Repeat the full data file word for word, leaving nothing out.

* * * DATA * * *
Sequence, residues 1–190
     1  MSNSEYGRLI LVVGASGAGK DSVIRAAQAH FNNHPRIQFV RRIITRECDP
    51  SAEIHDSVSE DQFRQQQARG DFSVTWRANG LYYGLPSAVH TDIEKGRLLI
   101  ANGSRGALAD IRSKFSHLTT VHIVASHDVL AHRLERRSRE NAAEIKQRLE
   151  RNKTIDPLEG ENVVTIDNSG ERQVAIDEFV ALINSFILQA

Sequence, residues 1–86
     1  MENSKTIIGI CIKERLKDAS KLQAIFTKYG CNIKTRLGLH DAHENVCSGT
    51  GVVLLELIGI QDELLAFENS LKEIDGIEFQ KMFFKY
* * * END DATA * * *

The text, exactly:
Sequence, residues 1–190
     1  MSNSEYGRLI LVVGASGAGK DSVIRAAQAH FNNHPRIQFV RRIITRECDP
    51  SAEIHDSVSE DQFRQQQARG DFSVTWRANG LYYGLPSAVH TDIEKGRLLI
   101  ANGSRGALAD IRSKFSHLTT VHIVASHDVL AHRLERRSRE NAAEIKQRLE
   151  RNKTIDPLEG ENVVTIDNSG ERQVAIDEFV ALINSFILQA

Sequence, residues 1–86
     1  MENSKTIIGI CIKERLKDAS KLQAIFTKYG CNIKTRLGLH DAHENVCSGT
    51  GVVLLELIGI QDELLAFENS LKEIDGIEFQ KMFFKY